In July 1651, Corfitz Ulfeldt was ousted, which brought Müller briefly into distress and even into prison. However, since the royal family had financial problems, it needed Müller's loans. In addition, the Krone wanted to continue to use his extensive business contacts, including forFKmfmannsfailie Marselis, his expertise and ideas. Müller continues to supply the royal family. Alone or as a partner of the Marselis family or the Postmaster General Paul Klingenberg , he became one of Denmark's most important donors. This was particularly true during the Second Northern War . In 1653 he received privileges for merchant shipping to Greenland and the Danish possessions in the West Indies . He received shares in the African trading company and maintained several structures in Norway. During the war he worked in various positions for the state. As admiralty councilor he equipped the fleet, belonged to several commissions and worked as a diplomat, u. a. in the negotiations for the Peace of Roskilde in 1658, at which Corfitz Ulfeldt represented the Swedish side.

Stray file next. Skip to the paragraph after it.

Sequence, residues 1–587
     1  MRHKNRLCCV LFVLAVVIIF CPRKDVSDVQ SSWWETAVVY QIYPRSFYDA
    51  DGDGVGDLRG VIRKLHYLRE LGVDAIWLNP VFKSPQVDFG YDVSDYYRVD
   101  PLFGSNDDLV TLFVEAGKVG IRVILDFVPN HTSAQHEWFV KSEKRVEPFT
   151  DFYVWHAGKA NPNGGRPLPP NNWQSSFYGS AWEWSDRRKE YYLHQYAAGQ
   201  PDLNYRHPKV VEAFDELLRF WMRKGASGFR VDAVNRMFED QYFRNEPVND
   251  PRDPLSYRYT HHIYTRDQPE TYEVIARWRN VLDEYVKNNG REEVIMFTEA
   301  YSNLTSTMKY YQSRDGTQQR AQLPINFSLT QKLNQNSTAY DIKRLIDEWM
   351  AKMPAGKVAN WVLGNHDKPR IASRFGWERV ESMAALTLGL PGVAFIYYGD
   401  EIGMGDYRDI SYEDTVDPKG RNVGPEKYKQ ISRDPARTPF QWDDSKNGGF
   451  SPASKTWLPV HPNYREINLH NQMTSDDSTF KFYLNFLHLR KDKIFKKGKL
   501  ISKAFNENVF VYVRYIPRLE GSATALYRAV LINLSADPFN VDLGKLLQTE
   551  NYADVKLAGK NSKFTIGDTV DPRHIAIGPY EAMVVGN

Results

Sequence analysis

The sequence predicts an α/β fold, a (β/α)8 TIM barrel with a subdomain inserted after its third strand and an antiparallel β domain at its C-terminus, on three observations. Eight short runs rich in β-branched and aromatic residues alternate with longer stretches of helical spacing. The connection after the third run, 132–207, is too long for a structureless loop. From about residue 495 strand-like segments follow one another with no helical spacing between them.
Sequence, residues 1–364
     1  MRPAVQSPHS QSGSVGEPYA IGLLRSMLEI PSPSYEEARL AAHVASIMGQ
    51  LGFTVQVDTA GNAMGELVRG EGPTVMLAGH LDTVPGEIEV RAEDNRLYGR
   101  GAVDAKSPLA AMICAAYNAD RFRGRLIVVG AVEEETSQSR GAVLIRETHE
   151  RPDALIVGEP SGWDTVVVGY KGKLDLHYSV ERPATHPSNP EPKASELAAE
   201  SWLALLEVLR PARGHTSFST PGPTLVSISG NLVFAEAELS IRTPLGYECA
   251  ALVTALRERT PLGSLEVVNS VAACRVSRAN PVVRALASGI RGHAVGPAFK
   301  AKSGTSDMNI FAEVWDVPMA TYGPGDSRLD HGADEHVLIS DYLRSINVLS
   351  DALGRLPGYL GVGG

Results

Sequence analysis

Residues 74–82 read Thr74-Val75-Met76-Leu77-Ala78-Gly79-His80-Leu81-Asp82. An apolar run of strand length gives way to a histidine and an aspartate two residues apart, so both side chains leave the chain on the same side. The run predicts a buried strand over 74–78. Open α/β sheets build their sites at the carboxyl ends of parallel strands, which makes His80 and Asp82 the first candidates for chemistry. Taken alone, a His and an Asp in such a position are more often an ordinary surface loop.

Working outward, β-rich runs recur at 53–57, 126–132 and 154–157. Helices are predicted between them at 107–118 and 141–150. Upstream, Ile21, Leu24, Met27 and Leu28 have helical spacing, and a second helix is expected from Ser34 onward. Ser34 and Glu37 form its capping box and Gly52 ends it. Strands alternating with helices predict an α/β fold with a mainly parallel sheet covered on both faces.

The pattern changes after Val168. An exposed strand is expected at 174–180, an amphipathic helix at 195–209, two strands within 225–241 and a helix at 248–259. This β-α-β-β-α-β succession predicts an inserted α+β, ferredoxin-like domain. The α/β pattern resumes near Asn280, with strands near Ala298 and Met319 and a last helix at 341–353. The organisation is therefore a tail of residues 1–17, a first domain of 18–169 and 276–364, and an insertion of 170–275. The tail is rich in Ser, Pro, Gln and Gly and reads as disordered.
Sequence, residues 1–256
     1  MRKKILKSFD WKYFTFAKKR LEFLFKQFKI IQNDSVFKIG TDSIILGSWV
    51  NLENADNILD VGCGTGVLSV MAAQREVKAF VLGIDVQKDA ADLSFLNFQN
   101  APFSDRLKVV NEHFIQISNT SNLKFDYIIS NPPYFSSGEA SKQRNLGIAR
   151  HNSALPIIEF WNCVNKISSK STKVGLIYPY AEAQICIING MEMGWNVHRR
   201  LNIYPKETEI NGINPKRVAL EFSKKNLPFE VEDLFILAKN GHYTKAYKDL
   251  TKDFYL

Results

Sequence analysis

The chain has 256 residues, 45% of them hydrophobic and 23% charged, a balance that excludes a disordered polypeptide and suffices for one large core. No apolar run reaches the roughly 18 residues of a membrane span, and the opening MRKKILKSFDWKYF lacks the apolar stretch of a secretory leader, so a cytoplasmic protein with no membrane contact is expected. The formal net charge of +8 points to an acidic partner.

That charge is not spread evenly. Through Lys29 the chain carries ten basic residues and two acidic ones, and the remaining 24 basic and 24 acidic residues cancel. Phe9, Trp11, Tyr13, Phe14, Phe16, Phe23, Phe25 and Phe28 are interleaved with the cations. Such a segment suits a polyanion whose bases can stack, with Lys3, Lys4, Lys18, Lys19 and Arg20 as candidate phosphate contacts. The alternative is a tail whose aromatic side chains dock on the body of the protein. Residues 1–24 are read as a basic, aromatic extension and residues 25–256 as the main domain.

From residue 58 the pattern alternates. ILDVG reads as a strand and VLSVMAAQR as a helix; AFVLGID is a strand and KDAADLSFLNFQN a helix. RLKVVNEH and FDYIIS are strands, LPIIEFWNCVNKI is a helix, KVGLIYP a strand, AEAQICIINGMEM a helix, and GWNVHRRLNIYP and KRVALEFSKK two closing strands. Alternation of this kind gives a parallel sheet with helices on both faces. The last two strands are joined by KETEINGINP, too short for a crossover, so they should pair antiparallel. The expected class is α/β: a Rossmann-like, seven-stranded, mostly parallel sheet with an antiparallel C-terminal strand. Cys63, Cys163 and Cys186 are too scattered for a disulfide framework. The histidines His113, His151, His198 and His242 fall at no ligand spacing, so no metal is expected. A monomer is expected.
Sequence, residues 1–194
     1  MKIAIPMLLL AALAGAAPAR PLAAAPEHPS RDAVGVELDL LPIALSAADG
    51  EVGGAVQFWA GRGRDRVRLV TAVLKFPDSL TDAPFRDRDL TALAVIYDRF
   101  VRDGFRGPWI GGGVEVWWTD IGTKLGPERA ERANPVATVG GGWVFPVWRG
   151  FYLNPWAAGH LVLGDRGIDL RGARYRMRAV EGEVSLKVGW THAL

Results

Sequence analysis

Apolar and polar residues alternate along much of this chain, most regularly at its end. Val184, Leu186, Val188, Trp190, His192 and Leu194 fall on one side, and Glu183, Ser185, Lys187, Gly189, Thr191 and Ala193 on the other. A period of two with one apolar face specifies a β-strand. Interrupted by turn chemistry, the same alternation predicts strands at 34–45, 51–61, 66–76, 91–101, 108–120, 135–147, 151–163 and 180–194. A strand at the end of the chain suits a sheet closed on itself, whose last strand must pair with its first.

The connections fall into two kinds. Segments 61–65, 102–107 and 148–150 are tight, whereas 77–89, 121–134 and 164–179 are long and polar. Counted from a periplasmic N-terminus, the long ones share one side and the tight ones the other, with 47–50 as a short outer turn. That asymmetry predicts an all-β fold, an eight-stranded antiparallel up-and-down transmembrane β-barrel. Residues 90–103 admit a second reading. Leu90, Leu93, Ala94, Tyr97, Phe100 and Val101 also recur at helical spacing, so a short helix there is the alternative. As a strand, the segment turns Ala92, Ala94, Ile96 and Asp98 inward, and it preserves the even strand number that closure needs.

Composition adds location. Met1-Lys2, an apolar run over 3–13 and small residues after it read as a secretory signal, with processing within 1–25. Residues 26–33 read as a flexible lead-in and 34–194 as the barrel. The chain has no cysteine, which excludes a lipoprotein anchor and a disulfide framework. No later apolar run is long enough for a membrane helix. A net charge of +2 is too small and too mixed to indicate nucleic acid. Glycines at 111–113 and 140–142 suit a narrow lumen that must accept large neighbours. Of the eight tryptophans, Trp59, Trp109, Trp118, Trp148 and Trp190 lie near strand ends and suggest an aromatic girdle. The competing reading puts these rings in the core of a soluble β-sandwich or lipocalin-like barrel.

After the end of the war, Müller received several posts in the reform of the Danish state in 1660. He worked in the new treasury college as a rent master, assessor and councilor. Initially, he was responsible for the excise tax and Danish customs duties and payments for the army and fortresses. Later the Norwegian customs duties and the monetary affairs of the court budget were added. He earned services through good bookkeeping. From 1661, Müller took part in the creation of a new Landesmatrikel . In 1662 he probably helped shape the Norwegian customs roll and in 1670 he belonged to a commission that worked out a new Norwegian tax system.